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Definition of whole person care in general practice in the English language literature: a systematic review
  1. Hayley Thomas1,
  2. Geoffrey Mitchell1,
  3. Justin Rich1,
  4. Megan Best2
  1. 1 Primary Care Clinical Unit, Faculty of Medicine, University of Queensland, Herston, Queensland, Australia
  2. 2 Psycho-Oncology Co-operative Research Group, Sydney Health Ethics, Faculty of Medicine, University of Sydney, Sydney, New South Wales, Australia
  1. Correspondence to Dr Hayley Thomas; h.thomas{at}


Objectives The importance of ‘whole person’ or ‘holistic’ care is widely recognised, particularly with an increasing prevalence of chronic multimorbidity internationally. This approach to care is a defining feature of general practice. However, its precise meaning remains ambiguous. We aimed to determine how the term ‘whole person’ care is understood by general practitioners (GPs), and whether it is synonymous with ‘[w]holistic’ and ‘biopsychosocial’ care.

Design Systematic literature review.

Methods MEDLINE, PubMed, EMBASE, CINAHL, PsycINFO, Web of Science, Proquest Dissertations and Theses, (Health and Medicine database), Google Scholar and included studies’ reference lists were searched with an unlimited date range. Systematic or literature reviews, original research, theoretical articles or books/book chapters; specific to general practice; relevant to the research question; and published in English were included. Included literature was critically appraised, and data were extracted and analysed using thematic synthesis.

Results Fifty publications were included from 4297 non-duplicate records retrieved. Six themes were identified: a multidimensional, integrated approach; the importance of the therapeutic relationship; acknowledging doctors’ humanity; recognising patients’ individual personhood; viewing health as more than absence of disease; and employing a range of treatment modalities. Whole person, biopsychosocial and holistic terminology were often used interchangeably, but were not synonymous.

Conclusions Whole person, holistic and biopsychosocial terminology are primarily characterised by a multidimensional approach to care and incorporate additional elements described above. Whole person care probably represents the closest representation of the basis for general practice. Health systems aiming to provide whole person care need to address the challenge of integrating the care of other health professionals, and maintaining the patient–doctor relationship central to the themes identified. Further research is required to clarify the representativeness of the findings, and the relative importance GPs’ assign to each theme.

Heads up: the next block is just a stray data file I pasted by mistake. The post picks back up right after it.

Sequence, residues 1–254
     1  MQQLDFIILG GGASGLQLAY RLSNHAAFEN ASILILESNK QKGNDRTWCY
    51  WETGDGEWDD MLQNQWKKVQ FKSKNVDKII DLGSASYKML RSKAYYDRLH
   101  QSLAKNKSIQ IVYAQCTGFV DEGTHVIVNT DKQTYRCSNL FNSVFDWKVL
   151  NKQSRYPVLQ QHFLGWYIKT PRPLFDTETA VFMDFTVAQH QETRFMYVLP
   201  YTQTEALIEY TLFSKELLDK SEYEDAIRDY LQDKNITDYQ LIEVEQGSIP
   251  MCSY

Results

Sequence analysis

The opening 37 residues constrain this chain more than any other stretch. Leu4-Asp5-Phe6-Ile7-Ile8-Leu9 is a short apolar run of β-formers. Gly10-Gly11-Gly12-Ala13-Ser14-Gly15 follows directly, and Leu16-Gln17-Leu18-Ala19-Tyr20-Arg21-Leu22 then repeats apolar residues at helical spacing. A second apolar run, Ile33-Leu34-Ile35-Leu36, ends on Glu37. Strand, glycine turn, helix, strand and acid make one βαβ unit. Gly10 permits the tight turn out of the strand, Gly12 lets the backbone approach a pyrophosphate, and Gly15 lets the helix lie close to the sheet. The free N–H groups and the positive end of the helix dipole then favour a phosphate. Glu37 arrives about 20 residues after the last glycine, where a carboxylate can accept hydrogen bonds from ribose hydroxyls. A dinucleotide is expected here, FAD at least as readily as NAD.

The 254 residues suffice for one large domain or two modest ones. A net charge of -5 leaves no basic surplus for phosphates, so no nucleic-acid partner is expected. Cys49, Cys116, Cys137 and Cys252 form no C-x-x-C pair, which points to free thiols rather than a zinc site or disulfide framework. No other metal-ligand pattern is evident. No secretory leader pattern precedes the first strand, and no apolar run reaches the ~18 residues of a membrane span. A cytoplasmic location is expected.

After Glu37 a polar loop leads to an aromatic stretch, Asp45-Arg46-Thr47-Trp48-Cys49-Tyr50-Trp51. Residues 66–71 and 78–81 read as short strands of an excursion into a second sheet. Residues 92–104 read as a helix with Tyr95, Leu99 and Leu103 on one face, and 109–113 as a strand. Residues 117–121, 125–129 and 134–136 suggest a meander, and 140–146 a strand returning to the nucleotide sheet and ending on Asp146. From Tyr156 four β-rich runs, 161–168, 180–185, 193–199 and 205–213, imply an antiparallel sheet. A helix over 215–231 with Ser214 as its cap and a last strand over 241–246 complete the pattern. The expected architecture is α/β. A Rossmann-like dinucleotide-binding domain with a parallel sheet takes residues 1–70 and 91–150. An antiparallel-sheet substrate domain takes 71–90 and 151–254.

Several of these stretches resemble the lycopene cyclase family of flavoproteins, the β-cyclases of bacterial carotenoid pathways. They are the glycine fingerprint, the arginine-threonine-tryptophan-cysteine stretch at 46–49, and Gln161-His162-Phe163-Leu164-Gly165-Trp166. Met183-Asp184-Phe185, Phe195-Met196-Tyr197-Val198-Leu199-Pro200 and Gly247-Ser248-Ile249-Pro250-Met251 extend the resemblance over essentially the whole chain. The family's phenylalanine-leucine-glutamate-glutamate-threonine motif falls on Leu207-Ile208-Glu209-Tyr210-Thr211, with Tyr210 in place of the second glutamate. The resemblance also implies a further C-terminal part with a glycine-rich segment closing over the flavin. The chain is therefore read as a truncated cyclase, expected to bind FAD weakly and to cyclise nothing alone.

PROSPERO registration number CRD42017058824.

  • whole person care
  • biopsychosocial
  • holistic
  • primary care
  • general practice
  • systematic review

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  • Contributors HT, MB and GM conceived and designed the original protocol. HT and JR performed the title/abstract screen. HT, MB and GM were involved in screening full-text articles, critical appraisal and data analysis. HT wrote the first draft of the manuscript with MB and GM, and all authors contributed to the subsequent drafts. All authors had full access to all data and HT, MB and GM can take responsibility for the integrity of the data and accuracy of data analysis. GM is the guarantor and affirms that the manuscript is an honest, accurate and transparent account of the study being reported; that no important aspects of the study have been omitted; and that any discrepancies from the study as planned and registered have been explained.

  • Funding This review is supported by the Royal Australian College of General Practitioners with funding from the Australian Government under the Australian General Practice Training programme.

  • Competing interests HT’s position was funded by the Royal Australian College of General Practitioners with funding from the Australian Government under the Australian General Practice Training programme. MB has received funding from the New South Wales Cancer Institute.

  • Patient consent Not required.

  • Provenance and peer review Not commissioned; externally peer reviewed.

  • Data sharing statement No additional data are available.